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The scene containing the knights' speech provides comic relief, and its function is to force the audience to think about the gravity of the situation. The knights and their justification of the murder of Becket demonstrate moral bankruptcy of the earthly power, represented by the king.
After Becket is murdered, all four knights attempt to justify the murder before the audience. The first knight is Reginald Fitz Urse. He insists that he is the man of action and not so eloquent, which is why he wants to let other knights speak. The second knight, William de Traci, gives a speech next. He describes himself and the other three knights as "four plain Englishmen who put our country first." He insists that the four of them did not get a penny for the slaying and only did what was right for the people and what was required by the king. The third knight, Hugh de Morville, speaks next. He explains thoroughly that the knights were only doing what was desired by the people, like those sitting in the audience. Becket's subordination to his own beliefs conflicted with his role as a servant of the king. He disregarded the world of orders and authority and that itself was why he had to die. And the last knight, Richard Brito, cunningly states that the knights are innocent because Becket committed a form of suicide. Becket's desire for martyrdom caused it, and he rejects any moral responsibility imposed on the knights for the committed murder.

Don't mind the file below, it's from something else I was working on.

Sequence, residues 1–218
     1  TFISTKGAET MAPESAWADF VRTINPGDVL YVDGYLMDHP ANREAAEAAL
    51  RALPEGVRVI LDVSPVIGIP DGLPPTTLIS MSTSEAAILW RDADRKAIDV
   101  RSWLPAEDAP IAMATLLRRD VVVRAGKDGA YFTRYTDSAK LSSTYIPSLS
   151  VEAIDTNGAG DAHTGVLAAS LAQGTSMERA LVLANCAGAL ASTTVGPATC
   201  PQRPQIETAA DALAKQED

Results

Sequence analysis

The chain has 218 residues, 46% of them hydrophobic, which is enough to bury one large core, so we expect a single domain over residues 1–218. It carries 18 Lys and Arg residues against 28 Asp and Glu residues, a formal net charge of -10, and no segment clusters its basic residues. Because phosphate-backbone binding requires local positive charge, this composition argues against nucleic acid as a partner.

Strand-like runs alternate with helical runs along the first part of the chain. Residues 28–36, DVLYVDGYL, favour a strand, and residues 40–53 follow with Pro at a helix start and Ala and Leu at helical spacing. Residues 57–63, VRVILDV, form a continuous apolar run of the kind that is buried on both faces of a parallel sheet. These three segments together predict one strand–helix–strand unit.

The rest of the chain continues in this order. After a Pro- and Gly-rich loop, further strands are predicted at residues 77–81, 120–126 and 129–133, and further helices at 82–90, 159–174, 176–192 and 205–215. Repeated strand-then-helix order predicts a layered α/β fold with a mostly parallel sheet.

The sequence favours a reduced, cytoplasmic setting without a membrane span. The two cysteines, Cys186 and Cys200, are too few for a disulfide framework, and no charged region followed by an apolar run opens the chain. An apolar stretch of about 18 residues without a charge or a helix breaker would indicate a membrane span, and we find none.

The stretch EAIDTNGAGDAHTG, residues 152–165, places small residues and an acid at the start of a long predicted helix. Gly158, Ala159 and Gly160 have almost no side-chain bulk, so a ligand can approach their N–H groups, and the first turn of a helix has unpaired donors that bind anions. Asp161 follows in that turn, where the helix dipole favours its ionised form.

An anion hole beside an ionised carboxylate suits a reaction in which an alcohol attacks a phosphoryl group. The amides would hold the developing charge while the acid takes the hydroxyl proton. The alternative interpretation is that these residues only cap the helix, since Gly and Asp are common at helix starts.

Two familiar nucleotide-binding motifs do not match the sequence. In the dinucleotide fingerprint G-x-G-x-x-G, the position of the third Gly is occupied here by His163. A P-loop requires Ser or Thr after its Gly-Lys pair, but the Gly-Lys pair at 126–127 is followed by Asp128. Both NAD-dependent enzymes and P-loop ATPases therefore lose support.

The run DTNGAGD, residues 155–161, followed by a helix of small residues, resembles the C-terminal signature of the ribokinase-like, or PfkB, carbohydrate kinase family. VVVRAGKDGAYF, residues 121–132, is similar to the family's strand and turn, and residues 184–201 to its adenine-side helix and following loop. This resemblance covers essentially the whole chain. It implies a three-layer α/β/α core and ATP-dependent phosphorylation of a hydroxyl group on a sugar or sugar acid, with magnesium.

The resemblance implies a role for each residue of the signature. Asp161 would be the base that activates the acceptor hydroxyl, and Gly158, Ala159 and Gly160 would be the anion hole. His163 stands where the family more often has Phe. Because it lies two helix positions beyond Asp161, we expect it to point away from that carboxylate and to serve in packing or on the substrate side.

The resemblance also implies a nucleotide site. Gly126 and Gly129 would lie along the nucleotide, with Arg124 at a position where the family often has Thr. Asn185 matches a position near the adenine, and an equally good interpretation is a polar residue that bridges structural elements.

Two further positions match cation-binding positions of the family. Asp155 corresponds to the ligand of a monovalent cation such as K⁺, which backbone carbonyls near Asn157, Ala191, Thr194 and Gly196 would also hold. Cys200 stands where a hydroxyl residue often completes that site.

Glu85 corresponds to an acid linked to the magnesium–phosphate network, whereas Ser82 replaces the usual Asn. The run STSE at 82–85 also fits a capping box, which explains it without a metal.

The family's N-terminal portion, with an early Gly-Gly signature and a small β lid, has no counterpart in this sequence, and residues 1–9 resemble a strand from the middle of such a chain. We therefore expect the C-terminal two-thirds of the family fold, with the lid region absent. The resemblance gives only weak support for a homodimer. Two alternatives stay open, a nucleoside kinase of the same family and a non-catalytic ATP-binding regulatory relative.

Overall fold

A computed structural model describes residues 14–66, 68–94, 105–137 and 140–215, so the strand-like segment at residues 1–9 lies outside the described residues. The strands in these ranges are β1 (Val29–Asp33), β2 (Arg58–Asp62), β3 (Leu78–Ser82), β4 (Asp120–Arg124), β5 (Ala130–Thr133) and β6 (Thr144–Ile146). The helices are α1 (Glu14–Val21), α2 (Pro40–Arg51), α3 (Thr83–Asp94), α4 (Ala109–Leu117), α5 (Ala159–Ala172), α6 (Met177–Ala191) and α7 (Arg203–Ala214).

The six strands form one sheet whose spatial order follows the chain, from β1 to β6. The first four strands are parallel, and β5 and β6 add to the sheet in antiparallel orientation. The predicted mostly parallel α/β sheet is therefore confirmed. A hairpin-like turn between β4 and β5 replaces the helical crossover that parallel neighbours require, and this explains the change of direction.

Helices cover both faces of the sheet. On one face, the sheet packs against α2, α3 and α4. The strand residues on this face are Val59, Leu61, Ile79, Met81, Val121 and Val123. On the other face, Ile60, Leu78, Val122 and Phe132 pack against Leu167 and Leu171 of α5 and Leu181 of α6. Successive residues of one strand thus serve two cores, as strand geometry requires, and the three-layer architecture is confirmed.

These speeches emphasize the neglect of the spiritual world by the knights and the importance they place on the temporal world of order and power.
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